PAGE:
Surviving on cheese and crackers and television, she doesn't go into the empty bedrooms of those she's lost. When the food runs out, she spends the last of her birthday money on tins of spaghetti. She buys herself a pet fish, to keep her company.
She puts up a sign in the window saying 'On Vacation' and stops answering the phone. She figures that way, nobody will find out that her mother has left her.
Some people have a particular weakness for books that tug at their heartstrings: I don't. I don't like crying and I don't enjoy feeling emotionally drained. Last year, I actually stopped reading a very well-written YA title because I had realised that the ending was going to be too sad for me to bear. And yet somehow I found I could cope with Love, Aubrey, possibly the most heartbreaking novel I've ever read. It's the story of an eleven-year-old girl who, having survived the car accident that killed her father and her little sister, is abandoned by her mother. The kind of story that usually has me bailing out at the first sign of (my own) tears.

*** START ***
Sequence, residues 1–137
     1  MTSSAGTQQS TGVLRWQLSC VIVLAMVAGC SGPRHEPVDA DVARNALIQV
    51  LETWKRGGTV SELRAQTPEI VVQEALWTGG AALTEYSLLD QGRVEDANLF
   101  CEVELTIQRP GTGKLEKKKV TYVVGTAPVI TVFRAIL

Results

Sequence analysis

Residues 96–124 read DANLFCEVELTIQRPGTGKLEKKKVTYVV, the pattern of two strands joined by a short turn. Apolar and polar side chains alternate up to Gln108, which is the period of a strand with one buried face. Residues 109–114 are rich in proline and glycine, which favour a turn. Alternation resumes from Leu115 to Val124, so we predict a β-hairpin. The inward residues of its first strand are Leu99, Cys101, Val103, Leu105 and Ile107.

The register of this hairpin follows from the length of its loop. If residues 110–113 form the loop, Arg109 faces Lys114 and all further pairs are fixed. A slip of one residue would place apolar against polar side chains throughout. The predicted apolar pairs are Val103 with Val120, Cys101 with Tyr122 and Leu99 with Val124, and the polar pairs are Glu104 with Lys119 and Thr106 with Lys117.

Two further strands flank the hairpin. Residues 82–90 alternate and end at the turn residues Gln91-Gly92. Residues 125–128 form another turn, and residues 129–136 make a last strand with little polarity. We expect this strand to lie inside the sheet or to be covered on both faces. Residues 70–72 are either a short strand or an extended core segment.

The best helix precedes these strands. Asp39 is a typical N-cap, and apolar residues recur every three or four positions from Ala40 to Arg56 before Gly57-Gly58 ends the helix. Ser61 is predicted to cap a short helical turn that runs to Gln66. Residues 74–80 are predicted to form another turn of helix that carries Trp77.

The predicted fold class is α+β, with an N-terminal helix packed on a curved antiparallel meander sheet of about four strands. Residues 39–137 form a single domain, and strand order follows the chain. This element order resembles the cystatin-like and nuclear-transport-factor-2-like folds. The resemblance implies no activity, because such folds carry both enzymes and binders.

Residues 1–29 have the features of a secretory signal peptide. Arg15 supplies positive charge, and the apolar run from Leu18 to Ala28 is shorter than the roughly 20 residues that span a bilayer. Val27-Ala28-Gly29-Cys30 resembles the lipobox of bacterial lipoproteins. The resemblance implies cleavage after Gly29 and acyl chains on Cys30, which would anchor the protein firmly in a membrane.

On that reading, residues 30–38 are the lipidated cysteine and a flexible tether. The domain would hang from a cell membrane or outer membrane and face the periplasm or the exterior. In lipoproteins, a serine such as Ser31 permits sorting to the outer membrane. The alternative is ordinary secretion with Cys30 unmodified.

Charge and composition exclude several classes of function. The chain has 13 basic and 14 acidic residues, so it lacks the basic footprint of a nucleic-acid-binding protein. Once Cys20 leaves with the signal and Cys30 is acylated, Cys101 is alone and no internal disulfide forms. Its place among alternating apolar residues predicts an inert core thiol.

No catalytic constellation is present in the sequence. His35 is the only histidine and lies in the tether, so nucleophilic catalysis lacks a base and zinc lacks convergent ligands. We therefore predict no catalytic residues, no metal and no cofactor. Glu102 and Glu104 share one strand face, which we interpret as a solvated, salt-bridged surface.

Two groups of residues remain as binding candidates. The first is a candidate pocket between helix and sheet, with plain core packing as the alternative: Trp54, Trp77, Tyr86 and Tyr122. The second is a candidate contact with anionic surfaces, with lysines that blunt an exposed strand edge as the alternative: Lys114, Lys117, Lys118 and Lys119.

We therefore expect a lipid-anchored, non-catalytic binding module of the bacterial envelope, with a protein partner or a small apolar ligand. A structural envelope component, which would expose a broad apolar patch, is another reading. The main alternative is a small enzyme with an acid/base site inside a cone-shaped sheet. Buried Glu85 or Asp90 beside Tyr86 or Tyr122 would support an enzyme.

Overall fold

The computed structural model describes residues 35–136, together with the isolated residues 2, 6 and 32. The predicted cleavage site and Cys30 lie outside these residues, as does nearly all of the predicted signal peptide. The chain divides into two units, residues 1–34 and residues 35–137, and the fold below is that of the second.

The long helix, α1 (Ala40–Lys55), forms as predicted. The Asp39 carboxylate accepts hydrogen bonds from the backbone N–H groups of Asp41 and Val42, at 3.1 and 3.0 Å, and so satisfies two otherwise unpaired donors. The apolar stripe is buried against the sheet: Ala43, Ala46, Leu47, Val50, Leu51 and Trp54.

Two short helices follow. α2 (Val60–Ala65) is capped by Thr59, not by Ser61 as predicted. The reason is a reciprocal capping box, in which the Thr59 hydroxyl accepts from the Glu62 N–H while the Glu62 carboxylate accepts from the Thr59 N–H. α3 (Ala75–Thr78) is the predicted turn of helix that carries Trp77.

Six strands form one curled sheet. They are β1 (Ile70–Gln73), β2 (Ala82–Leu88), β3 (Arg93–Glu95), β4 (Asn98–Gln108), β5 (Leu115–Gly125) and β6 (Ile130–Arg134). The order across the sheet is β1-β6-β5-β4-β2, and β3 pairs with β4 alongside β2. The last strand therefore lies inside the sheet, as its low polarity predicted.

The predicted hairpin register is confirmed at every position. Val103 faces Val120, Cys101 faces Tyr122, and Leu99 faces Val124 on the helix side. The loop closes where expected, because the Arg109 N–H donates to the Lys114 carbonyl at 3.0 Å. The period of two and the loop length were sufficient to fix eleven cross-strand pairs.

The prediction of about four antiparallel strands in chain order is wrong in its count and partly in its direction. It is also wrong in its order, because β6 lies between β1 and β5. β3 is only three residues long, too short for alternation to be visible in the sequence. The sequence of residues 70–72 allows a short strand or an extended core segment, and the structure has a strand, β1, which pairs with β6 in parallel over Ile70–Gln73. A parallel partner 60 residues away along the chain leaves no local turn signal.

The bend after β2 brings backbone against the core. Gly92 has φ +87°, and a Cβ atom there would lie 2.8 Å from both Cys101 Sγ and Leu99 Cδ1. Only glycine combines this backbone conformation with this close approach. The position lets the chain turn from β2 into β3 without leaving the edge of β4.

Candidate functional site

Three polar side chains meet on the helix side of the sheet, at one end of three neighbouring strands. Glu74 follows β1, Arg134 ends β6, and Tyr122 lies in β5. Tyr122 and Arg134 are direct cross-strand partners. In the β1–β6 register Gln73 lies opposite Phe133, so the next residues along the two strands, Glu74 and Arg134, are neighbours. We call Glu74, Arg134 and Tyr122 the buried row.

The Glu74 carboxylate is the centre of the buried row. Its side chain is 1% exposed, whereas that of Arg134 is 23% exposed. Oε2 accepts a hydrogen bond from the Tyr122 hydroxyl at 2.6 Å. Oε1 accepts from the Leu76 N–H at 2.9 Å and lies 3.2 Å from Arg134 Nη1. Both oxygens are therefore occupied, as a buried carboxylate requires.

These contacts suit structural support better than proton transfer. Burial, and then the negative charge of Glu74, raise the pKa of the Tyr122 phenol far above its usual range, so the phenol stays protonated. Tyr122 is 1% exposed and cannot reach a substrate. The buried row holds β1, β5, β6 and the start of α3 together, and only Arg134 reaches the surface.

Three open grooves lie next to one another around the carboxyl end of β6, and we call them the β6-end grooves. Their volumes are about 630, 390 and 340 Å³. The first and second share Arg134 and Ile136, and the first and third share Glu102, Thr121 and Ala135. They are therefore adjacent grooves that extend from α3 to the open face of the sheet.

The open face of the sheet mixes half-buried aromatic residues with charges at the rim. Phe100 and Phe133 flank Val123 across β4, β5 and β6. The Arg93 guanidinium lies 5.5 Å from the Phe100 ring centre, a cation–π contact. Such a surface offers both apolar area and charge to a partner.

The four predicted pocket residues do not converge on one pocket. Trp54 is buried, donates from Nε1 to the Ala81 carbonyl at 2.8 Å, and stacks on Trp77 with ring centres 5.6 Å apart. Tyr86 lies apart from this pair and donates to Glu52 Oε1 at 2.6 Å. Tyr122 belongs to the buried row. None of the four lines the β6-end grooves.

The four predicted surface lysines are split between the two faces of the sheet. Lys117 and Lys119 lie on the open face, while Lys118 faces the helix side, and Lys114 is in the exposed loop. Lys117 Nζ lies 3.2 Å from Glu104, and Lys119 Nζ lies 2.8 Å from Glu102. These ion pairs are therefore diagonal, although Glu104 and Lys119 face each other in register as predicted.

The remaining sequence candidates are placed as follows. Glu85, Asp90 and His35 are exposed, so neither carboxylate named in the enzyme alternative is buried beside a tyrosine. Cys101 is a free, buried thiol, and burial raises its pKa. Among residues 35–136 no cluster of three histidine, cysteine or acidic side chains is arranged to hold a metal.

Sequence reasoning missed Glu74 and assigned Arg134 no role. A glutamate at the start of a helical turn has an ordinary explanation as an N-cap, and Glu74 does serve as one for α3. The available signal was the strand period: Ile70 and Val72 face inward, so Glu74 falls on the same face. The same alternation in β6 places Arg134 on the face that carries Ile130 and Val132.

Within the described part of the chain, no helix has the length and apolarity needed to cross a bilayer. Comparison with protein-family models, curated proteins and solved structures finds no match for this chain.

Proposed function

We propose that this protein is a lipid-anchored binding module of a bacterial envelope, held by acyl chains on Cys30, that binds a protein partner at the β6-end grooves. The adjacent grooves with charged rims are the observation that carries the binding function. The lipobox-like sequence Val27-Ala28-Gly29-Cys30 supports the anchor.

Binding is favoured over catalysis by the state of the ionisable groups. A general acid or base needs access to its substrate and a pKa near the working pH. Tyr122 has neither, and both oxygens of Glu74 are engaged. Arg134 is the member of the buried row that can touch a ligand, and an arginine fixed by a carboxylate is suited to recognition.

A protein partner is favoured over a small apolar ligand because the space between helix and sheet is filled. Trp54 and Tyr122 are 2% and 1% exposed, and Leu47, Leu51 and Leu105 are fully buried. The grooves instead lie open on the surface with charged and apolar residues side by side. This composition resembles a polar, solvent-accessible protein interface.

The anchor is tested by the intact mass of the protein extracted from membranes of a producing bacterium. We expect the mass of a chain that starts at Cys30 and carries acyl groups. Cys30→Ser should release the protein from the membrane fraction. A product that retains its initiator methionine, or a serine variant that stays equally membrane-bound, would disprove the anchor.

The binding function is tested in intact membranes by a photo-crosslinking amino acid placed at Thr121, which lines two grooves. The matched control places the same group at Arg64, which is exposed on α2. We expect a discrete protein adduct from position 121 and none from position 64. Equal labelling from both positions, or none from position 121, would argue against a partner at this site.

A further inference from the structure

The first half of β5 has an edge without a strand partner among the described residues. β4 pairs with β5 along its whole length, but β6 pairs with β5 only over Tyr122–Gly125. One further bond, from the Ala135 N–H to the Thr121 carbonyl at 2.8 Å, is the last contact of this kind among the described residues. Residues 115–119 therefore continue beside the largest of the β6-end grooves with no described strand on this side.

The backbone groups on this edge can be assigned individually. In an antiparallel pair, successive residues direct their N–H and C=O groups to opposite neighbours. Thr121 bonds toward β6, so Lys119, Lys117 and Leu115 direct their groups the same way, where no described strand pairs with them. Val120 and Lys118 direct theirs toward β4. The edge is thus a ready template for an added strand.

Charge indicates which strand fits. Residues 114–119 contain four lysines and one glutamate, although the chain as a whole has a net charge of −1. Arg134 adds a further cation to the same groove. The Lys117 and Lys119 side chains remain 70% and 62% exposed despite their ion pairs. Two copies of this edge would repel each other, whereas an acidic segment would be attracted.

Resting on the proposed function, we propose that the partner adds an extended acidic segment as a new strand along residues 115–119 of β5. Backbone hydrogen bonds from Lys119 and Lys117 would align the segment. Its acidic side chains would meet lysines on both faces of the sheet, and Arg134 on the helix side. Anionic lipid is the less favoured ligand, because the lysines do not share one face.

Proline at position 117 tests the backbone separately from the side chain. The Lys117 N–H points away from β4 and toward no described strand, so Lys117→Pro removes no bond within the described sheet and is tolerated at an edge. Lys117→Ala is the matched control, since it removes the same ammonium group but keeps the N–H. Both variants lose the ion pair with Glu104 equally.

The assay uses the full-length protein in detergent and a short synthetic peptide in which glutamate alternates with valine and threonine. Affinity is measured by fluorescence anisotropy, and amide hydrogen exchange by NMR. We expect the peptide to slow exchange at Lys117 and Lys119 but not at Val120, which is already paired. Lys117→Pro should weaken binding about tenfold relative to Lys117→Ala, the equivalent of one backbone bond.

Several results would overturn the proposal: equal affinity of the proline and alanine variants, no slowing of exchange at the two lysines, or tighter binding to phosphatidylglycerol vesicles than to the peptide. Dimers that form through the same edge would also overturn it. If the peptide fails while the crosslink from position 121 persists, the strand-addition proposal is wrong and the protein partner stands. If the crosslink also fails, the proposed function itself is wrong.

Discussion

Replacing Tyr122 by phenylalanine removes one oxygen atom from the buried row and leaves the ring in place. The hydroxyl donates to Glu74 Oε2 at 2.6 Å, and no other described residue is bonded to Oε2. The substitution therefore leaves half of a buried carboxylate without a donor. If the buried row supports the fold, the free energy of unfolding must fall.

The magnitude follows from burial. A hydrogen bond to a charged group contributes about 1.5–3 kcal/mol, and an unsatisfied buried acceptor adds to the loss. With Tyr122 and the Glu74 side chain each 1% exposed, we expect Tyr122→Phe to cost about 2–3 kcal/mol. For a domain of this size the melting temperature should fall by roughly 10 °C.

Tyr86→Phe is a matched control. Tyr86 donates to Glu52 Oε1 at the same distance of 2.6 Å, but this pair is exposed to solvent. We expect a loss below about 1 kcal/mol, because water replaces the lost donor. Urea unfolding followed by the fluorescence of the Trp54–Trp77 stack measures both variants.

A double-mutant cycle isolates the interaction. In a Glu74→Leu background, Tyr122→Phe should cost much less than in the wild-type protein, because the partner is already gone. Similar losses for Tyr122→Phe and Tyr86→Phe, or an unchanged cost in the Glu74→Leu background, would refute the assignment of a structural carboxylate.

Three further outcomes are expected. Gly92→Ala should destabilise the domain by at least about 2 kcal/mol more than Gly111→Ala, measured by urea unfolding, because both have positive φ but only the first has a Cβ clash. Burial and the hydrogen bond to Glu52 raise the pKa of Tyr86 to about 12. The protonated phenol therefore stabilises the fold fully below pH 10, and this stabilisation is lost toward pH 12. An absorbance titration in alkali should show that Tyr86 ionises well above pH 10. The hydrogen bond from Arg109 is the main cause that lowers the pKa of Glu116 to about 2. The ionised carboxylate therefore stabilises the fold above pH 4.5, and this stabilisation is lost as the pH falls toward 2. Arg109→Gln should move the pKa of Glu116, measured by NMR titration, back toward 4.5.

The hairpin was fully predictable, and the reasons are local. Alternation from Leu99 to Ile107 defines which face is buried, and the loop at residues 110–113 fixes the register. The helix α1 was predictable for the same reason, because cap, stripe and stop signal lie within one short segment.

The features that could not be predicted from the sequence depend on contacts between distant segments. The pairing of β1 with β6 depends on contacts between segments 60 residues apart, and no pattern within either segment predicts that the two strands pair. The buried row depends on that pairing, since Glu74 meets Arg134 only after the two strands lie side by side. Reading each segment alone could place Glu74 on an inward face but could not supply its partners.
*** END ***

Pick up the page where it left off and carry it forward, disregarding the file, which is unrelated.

Not this time. Love, Aubrey is different. It's not melodramatic. It's not clichéd. It's matter-of-fact and intimate. Suzanne LaFleur communicates what's happened to Aubrey - this terrible, almost unimaginable loss and abandonment - by evoking childhood memories we all have. The brief moment of panic that time when your parent was late to pick you up from school, the day your sibling was taken to hospital with some injury that later turned out to be minor - that's Aubrey's life, every minute of every day. We've all had a tiny glimpse of it, and that's why it hurts.
Intense as this story is, it's also uplifting. Love, Aubrey isn't just about a bereaved and abandoned eleven-year-old. It's about her journey back. It's about kindness and love and hope. It's pragmatic and real, and I can't recommend it enough. Yes, you'll cry a little, but don't let that put you off. Brave your tears.